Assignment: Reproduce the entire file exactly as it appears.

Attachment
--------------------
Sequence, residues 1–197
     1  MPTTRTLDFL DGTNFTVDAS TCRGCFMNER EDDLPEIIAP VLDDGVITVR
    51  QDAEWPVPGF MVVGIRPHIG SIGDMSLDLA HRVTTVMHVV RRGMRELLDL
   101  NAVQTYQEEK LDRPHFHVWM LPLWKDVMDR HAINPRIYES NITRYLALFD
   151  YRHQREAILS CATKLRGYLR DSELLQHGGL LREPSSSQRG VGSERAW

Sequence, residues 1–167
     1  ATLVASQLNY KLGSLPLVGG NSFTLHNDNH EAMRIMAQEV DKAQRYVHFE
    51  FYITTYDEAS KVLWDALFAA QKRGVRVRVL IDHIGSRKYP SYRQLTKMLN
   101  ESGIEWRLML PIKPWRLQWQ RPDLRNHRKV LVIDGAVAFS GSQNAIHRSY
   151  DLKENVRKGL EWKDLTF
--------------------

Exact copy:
Sequence, residues 1–197
     1  MPTTRTLDFL DGTNFTVDAS TCRGCFMNER EDDLPEIIAP VLDDGVITVR
    51  QDAEWPVPGF MVVGIRPHIG SIGDMSLDLA HRVTTVMHVV RRGMRELLDL
   101  NAVQTYQEEK LDRPHFHVWM LPLWKDVMDR HAINPRIYES NITRYLALFD
   151  YRHQREAILS CATKLRGYLR DSELLQHGGL LREPSSSQRG VGSERAW

Sequence, residues 1–167
     1  ATLVASQLNY KLGSLPLVGG NSFTLHNDNH EAMRIMAQEV DKAQRYVHFE
    51  FYITTYDEAS KVLWDALFAA QKRGVRVRVL IDHIGSRKYP SYRQLTKMLN
   101  ESGIEWRLML PIKPWRLQWQ RPDLRNHRKV LVIDGAVAFS GSQNAIHRSY
   151  DLKENVRKGL EWKDLTF